“In the world of Waking Consciousness, the fire of the hearth and of the funeral pyre, as well as the blazing sun door, open to this visionary world, which is beyond all pairs of opposites. For here, since the dreamer and his dream are the same, the subject-object opposition falls: the visions are of his own motivating powers; their personifications are his gods – or, if improperly served, disdained, or disregarded, become his fiends. Furthermore, since the powers of nature in this dreamer, in that dreamer, and in the macrocosm of nature itself, are the same, only differently inflected, the powers personified in a dream are those that move the world. All gods are within: within you – within the world. And it will be according to the inward tensions and resolutions, balances and imbalances, of the individual that his visions will be of either infernal or celestial kind: confused and personal, or enlightening and generic; negative, dark and monstrous (like Dante’s three-headed Satan) or positive and radiant (like his trinity). For the hells, purgatories, and heavens are within, as but modes of experience of the one terror-joy of Dream Consciousness at the burning point of what Goethe called “the becoming and the changing: the living,” through which it is the concern of Reason (Vernunft) “to stive toward the diving.” Here all pairs of opposites coincide, whether of subject and object, the dreamer and his dream, desire and loathing, terror-joy, or the micro- and the macrocosm.” The Masks of God Vol. IV (pp. 649)
All of the gods and all of the demons emanate from a central point along an axis of time – expanding in concentric circles – forming a halo of images – visions as diverse as the plants that grow and insects the crawl and scurry beneath soil chtonic dwellers, as variable as the birds in the sky and the feathers in their stretched wings, as colorful and multiform as the incalculable life which dwells in the darkest depths of the oceans – all generated from the flaming center – the “I” – inflecting the most basic constituents and most primary material of the universe into an infinite array of deities and spirits who inhabit every lying stone and bubbling brook – an infinitude of projected qualities formed within the fiery belly of nature herself – beautiful to behold – enchanting – spellbinding and hypnotic – each a burning star embedded in the vast night sky – each a celestial body suspended in the firmament of the mind’s eye.
“In the context of a traditional mythology, the symbols are presented in socially maintained rites, through which the individual is required to experience or will pretend to have experienced, certain insights, sentiments, and commitments. In what I am calling “creative mythology” on the other hand, this order is reversed: the individual has had an experience of his own – of order, horror, beauty, or even mere exhilaration – which he seeks to communicate through signs; and if his realization has been of a certain depth and import, his communication will have the value and force of living myth – for those, that is to say, who receive and respond to it of themselves, with recognition, uncoerced. ” The Masks of God Vol. IV (pp. 4)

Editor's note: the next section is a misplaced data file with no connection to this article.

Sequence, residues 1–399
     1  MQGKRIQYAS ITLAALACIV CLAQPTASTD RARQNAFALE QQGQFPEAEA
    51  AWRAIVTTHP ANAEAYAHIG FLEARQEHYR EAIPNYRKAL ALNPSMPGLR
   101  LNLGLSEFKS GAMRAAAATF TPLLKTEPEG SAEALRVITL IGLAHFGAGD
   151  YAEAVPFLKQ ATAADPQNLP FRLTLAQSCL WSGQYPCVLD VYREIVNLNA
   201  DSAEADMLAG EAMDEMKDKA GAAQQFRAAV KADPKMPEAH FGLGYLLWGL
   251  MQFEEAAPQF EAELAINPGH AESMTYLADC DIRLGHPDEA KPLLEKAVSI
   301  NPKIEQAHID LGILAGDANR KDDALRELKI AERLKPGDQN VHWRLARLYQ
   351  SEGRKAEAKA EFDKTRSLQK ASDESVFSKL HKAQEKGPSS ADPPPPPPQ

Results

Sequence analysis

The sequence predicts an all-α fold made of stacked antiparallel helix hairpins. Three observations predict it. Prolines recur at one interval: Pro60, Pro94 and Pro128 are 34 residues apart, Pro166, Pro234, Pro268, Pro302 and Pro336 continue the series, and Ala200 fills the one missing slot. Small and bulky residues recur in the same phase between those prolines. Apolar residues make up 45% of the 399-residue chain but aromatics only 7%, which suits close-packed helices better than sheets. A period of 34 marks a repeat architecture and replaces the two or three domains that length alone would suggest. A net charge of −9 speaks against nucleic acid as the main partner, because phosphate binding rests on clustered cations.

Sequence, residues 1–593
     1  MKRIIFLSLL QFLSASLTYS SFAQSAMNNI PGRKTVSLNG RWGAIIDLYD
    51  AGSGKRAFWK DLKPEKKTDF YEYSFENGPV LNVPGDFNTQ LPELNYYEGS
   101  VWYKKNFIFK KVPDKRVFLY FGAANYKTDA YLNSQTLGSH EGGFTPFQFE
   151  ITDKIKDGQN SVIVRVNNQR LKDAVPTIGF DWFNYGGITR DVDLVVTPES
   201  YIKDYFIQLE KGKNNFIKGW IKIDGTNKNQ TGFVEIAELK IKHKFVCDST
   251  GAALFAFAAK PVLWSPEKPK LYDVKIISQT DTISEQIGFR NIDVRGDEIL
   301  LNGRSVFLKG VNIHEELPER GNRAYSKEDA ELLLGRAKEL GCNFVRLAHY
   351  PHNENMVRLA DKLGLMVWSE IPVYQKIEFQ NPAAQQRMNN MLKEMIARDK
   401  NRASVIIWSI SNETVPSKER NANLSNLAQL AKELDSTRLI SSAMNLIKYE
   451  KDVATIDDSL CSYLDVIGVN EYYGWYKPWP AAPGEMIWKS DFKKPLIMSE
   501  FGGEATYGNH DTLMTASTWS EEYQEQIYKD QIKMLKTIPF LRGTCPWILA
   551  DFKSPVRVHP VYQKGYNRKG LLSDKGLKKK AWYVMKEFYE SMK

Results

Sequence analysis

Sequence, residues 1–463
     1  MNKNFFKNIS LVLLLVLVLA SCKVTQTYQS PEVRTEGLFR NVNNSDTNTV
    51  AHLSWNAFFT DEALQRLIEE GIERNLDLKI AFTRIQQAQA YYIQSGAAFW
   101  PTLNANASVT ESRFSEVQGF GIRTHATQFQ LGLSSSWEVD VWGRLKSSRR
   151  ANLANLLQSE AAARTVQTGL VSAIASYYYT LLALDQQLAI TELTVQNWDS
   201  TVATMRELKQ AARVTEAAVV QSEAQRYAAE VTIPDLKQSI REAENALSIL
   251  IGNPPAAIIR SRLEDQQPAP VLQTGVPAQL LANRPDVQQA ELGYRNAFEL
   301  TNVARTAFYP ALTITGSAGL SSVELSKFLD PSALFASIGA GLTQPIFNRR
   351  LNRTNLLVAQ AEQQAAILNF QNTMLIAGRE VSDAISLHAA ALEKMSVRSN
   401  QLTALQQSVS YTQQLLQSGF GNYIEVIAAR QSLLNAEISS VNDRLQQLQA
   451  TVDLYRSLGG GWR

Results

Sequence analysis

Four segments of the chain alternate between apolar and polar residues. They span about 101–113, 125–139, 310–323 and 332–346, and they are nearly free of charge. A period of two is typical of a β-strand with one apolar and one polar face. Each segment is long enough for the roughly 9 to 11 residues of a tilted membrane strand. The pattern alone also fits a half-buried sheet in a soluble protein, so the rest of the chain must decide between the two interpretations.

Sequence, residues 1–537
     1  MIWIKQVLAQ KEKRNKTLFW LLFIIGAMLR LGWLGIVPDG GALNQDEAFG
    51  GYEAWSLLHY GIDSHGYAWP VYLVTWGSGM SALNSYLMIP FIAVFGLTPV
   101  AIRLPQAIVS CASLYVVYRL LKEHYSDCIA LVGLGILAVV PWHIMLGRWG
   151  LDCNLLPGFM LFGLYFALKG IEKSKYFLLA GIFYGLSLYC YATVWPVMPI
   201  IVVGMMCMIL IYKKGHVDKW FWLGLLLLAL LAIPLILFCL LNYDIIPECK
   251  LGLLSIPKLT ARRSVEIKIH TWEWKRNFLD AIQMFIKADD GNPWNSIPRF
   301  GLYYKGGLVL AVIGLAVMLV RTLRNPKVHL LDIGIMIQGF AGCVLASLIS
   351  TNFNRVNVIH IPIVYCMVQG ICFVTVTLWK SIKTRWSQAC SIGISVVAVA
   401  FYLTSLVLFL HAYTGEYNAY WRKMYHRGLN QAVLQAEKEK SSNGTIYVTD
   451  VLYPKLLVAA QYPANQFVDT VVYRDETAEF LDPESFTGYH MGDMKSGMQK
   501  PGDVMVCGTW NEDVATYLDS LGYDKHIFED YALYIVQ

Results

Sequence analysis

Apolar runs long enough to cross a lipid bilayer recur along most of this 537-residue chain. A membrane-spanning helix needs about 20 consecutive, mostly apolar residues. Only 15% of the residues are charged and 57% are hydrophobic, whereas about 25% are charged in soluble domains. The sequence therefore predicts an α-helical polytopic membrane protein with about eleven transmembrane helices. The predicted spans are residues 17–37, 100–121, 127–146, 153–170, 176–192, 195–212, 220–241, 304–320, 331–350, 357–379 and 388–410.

What symbols speak? Symbols of rock and stone – carved by falling rain and warm winds. Symbols of scrub and manzanita twisting upwards – forming bridges between the earth below and the sky above – painted like hieroglyphs by a faceless creator – a self created self creator. Symbols made from deft wings arching and dipping – cutting apart the sky – projecting their shadows below. Symbols of water written with the tides and stored in pools – flowing forth from underground springs, evaporating into ink-like vaporous clouds – condensing – falling – giving life and meaning. Symbols of scampering feet tracking letters across the dirt and sand – telling stories like petroglyphs left upon cave walls – slowly eroding from exposure to the elements – decomposing links to past – harbingers of time.
“Mythology – and therefore civilization – is a poetic, supernormal image, conceived, like poetry, in depth, but susceptible of interpretation on various levels. The shallowest minds see in it the local scenery; the deepest, the foreground of the void; and between are all the stages of the Way from the ethnic to the elementary idea, the local to the universal being, which is Everyman, as he both knows and is afraid to know. For the human mind in its polarity of the male and female modes of experience, in its passages from infancy to adulthood and old age, in its toughness and tenderness, and in its continuing dialogue with the world, is the ultimate mythogenetic zone – the creator and destroyer, the slave and yet the master, of all the gods.” – The Masks of God Vol. I (pp. 472)
Stories are like striated layers of sediment – bands of ochre bending and curving with grace, showing contours along the manifold of time, eroding from exposure to the elements, composed in the most beautiful manner, revealing hidden patterns of deepest being, interfacing the subtle and the gross, imbuing matter with meaning. As the light begins to fade and the sandstone’s golden glow warms and then cools to crimson. I ponder – most historians agree there was an upsurge in number of paintings created that correlated with the arrival of the Spanish. Many of them seem to be pleas, prayers, made as a last attempt, a way of rectifying the real and tangible fear that came with the impending change on a mass societal scale. The way of life was threatened, a way that stretched back to time immemorial. Their intuition spoke to them and they knew – they prayed and performed their rites and ceremonies. If man is a perceptive organ of nature, what was it that was speaking through the fingertips that made these marks? What is speaking through us now and more importantly – have we forgotten how to listen?